Burlington considering a new media; going for a Town Crier to deliver the Mayors words.

By Staff

BURLINGTON, ON March 14, 2011  –  David Vollick got asked to help at a church event awhile ago – they needed someone with a loud voice to let people know about the different events that were taking place one Christmas Season.  They dressed him up a bit and gave him a bell to ring and that planted the deed of an idea in Dave’s mind that resulted in his appearing before a city council committee to suggest that Burlington might get itself a Town Crier.

Costs $50. to clean and press the uniform – but he is pretty isn’t he.  David Vollick as a Town Crier.

Costs $50. to clean and press the uniform – but he is pretty isn’t he. David Vollick as a Town Crier.

Council kind of liked the idea and sent it off to staff to consider all the implications and sometime later this year the city will probably have a Town Crier of its very own.  Vollick wasn’t asking Council to pay him to do the job but he did point at that the people getting the benefit of the Crier usually pay a small stipend to cover the cost of cleaning the elaborate uniform they wear..  As Dave pointed out ”it costs $50. to have this uniform cleaned and pressed.”

His wife Barbara often joins him at any events he works.  What council heard was that Crier could read out the public declarations that are made by the Mayor.   Girl Guide Month or Small Business Week – the range is immense.  There could be a proclamation made on Canada Day.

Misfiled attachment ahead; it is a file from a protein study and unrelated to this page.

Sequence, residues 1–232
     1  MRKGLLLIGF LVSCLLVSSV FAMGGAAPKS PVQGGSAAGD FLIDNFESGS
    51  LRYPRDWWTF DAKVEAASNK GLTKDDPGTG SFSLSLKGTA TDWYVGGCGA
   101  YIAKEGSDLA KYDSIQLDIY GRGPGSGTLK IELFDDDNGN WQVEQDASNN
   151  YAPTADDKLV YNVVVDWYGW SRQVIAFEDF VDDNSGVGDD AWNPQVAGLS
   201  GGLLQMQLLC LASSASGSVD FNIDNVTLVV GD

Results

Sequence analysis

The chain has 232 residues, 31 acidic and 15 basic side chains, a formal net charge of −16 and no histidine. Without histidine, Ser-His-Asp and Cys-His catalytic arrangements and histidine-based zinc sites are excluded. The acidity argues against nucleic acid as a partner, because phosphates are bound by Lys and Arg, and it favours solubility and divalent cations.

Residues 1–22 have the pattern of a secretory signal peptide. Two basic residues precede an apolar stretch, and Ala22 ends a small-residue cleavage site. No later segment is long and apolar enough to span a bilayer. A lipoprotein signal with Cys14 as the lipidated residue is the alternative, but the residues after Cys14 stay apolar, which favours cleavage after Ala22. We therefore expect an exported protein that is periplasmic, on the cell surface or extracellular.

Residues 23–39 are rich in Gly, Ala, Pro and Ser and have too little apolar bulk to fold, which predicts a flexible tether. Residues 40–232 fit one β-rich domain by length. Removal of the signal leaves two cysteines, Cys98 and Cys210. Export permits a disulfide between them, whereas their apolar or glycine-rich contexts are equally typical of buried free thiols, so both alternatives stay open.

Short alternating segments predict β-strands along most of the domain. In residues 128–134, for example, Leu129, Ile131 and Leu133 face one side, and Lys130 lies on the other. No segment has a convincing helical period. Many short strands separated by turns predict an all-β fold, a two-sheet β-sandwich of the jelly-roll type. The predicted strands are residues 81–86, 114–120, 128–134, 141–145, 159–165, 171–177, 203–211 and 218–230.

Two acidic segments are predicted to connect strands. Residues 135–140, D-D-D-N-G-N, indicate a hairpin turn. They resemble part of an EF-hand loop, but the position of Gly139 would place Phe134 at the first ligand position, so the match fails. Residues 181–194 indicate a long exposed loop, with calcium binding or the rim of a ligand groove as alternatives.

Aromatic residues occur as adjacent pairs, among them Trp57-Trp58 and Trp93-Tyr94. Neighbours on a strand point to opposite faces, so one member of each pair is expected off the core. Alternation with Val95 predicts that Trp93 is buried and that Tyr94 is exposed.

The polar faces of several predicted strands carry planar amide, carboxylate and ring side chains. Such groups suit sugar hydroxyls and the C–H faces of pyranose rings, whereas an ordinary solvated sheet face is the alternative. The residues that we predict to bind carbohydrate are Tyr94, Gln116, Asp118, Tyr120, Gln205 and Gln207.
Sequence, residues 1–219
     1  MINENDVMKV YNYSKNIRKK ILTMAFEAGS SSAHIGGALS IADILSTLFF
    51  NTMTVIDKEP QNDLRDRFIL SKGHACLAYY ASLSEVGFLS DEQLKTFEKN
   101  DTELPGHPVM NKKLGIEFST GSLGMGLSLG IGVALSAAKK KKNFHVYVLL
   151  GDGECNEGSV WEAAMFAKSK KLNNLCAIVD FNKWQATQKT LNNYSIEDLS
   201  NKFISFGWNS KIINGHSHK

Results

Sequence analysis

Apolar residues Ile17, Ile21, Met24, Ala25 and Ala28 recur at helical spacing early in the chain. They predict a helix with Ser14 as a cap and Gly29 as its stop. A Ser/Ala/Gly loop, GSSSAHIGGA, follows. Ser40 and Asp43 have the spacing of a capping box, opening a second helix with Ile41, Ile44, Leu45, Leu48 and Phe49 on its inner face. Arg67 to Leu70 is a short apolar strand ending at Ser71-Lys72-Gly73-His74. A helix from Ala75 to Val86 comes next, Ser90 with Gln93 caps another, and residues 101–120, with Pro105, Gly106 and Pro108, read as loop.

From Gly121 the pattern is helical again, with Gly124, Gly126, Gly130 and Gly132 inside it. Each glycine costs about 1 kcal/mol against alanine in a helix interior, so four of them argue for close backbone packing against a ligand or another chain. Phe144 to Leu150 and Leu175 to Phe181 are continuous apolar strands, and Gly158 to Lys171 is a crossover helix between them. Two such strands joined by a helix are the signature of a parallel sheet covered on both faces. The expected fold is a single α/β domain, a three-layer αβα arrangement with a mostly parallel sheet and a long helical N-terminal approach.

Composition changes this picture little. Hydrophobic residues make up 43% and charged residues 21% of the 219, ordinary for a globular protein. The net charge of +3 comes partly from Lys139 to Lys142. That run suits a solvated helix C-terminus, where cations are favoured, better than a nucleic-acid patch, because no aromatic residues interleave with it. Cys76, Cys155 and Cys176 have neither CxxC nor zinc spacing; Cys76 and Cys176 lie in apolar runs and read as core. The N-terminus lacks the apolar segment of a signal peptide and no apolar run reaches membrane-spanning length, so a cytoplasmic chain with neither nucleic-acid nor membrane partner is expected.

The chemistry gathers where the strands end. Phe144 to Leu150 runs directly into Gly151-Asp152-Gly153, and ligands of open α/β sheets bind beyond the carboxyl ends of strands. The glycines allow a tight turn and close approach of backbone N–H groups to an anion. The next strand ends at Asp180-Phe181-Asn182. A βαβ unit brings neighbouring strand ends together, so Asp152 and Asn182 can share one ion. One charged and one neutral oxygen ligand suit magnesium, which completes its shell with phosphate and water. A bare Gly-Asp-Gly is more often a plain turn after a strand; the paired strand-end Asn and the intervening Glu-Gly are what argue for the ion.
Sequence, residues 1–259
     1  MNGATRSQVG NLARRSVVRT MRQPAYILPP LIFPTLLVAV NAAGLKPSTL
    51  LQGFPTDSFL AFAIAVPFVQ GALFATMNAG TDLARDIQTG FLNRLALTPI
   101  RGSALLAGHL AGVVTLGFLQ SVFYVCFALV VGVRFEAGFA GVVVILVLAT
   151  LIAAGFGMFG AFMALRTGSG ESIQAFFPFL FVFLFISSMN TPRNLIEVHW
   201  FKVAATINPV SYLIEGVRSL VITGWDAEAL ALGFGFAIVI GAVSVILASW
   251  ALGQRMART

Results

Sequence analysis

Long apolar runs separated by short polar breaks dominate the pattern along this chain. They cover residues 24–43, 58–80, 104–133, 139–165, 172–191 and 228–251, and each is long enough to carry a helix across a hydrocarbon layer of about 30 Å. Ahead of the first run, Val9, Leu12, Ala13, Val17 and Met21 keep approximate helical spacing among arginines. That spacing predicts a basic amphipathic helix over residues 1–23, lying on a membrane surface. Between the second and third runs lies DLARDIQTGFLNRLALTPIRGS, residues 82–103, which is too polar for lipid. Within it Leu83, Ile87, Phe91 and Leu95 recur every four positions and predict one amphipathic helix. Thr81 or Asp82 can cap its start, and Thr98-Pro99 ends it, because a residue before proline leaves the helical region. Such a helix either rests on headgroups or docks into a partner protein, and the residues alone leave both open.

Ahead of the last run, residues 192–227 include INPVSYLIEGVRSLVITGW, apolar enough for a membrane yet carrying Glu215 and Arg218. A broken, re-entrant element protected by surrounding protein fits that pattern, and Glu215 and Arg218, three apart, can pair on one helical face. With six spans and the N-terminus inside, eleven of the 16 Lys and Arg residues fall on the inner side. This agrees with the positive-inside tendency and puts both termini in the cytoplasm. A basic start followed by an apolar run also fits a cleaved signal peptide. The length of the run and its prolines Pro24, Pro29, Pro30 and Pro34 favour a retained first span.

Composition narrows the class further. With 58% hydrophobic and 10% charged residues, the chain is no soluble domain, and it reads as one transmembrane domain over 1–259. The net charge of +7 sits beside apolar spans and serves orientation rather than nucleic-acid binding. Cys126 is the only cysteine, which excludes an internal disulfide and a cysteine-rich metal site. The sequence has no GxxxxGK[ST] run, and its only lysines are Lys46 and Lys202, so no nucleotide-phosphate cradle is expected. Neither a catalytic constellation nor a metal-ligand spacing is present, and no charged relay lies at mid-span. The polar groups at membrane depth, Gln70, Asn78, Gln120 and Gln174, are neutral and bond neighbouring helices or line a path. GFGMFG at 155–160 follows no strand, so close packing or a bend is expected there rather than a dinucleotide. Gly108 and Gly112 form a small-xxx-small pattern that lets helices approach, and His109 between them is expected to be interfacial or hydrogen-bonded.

The first documented use of a Town Crier was in1066, after the Norman Invasion of England.  Criers were regularly used after that  by the ruling King or Queen to inform all the citizens of their orders and decrees. To this day old English law still protects Criers from being Hindered or Heckled whilst carrying out their duties.

The term “Posting A Notice” comes from the act of the Town Crier attaching the notice or Proclamation he had read to the door post of the local Inn or Tavern.

Citizens of the towns relied on the crier for the information, be it good or bad news. Criers were not always men.  Many Town Criers were women. Bells were not the only attention getting device. In Holland a Gong was the instrument of choice for many, and in France they used a Drum, or a Hunting Horn.

Criers where often old military veterans who could read and write but who had fallen on hard times. The position of Town Crier gave them employment and a pension.  The position of Town Crier has often been passed from one generation to the next.

Council directed the City Manager to investigate the idea of establishing an Official Town Crier for Burlington, looking into the costs and report back to the Community Services committee by April 20.

David Vollick ably assisted by his wife Barbara.

David Vollick ably assisted by his wife Barbara.

The intention was to hold a contest for a crier if the city manager could find a benefit for the city.  Tourism Burlington was reported to like the idea and Vollick could see the Crier being used for store openings and other events that wanted to draw public attention.

We just might see someone at City Hall reading out a Proclamation on Canada Day while the cyclists zoom by.


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